AL QALAM Institute of Islamic Identities and Dialogue in Southeast Asia of the Ateneo de Davao University are honored to be a part of the Social Housing Finance Corp. (SHFC) and Ateneo de Zamboanga University project in promoting culturally sensitive and community-driven housing programs for the Muslims and other ethnic groups in Mindanao.
This is a great opportunity to reach out to our brothers and sisters, Muslims and Christians in need and to be able to provide one of the basic necessities of families — which is a decent roof over their heads and a home they can call their own.
The realities surrounding the lack of access of many Filipinos to affordable and decent housing are known to many. We have seen in the media and some of us even know people who are informal settlers, displaced families due to conflict like many here in Zamboanga, and those who don’t have a sufficient source of income to buy their own houses.
For some Muslim families who have the financial capacity to buy homes, the problem extends to the matter of discrimination. Some housing developers refuse to sell homes to Muslim families due to stereotyping and biases.
This project addresses those needs and even more. The creation of a Culturally-Sensitive Housing model is a bold move and a remarkable step, especially today as our nation moves forward towards “inclusive growth.”
Through this, SHFC is showing it’s sincerity in creating and providing housing that fits the very needs and preferences of the people. In the part of Al Qalam and the Ateneo community as a whole, we see this as another victory in our thrust to uphold cultural diversity, meaningful community intervention, and in the bigger picture, in the context of peace building in Mindanao.
Al Qalam Institute was inspired to promote a culturally sensitive housing based on our learning from University of Minnesota.
According to Tasoulla Hadjiyanni, an Associate Professor in Interior Design at the University of Minnesota, “Culturally sensitive housing is one way by which designers, planners, developers, and policy makers can begin to work toward housing that meets the needs of everyone. Culturally sensitive housing is housing that accommodates diverse ways of living.”
For Professor Hadjiyanni, “Culturally sensitive housing is not culturally-specific housing; culturally-specific housing stereotypes what a ‘way of life’ entails, positioning everyone who calls themselves based on their ethnic or religious identities. Instead, culturally sensitive housing acknowledges the many ways to belong, the multiple ways by which one can be a Hmong, Somali, Mexican, or American and everything in between. Therefore, culturally sensitive designs are adaptable and flexible.”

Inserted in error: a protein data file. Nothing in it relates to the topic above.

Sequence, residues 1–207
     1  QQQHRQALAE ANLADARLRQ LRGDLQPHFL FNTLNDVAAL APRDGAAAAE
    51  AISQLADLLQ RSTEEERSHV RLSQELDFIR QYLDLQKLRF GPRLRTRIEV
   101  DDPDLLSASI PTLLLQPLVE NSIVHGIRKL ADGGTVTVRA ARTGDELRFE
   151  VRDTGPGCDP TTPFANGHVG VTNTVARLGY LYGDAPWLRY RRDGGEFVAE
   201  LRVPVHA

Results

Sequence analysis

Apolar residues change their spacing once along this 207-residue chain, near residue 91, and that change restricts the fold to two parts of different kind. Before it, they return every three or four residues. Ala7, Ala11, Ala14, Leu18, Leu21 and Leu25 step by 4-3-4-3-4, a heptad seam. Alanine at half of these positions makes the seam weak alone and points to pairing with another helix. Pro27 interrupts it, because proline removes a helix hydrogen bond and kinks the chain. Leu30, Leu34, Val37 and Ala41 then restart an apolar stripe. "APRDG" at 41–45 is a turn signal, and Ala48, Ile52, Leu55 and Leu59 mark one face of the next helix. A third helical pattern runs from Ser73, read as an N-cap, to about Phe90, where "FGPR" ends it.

She added housing characteristics, such as ventilation systems, window types, spatial layouts, and material selections can impact the residents’ ability to practice traditions that foster health and well-being.
Professor Hadjiyanni’s work includes exploring how the design of interior spaces intersects with culture and identity through the experiences of new immigrant and minority groups in Minnesota. Her approach to culturally sensitive housing designs has appeared in leading journals and conferences.
On the part of Al Qalam Institute, the integration of Shari’ah-based mechanisms in the whole project development brings us a step closer towards our goal to promote understanding and cooperation and in reinforcing appreciation of our cultural and religious diversity.
Apart from providing a strong impact on social service, we are also changing mindsets and creating an environment for peaceful coexistence which is in line with Al Qalam’s vision and mission.
Moreover, the project is a unique Shariah Based home financing product that has been carefully designed to provide the beneficiaries of SHFC with some unique benefits. Under the terms of our project the beneficiaries will never repay an interest bearing loan.
Instead, the homeowner association and the beneficiaries become co-owner with the SHFC, from whom they acquire full ownership through affordable monthly payments.
Each of their payments is comprised of two components: the first option goes toward their use of the home, an amount that we called ijarah fee, rental fee. The remaining portion allows them to acquire an increasing share of ownership. As they make their monthly payments, the portion that is applied toward their housing share increases while the portion applied to the property decreases until eventually, the beneficiaries become the sole homeowner.
With this program, one of the great advantages is that the beneficiaries are always a partner – never a debtor. As a result the beneficiary enjoys certain opportunities not available with a conventional house financing.
Our partnership with SHFC is founded on a vision that is increasingly shared by our community – to honor the principles of Shariah while benefiting from the best of what is available in the modern financial marketplace.
It is our mission to incorporate that vision on a daily basis, into every interaction with our partners and our communities.
We thank Ateneo de Zamboanga University, SHFC, our partner communities and all people who are contributing and looking forward to the success of this project. We wish that this will mark the beginning of a long standing partnership and more projects in the service of our brothers and sisters.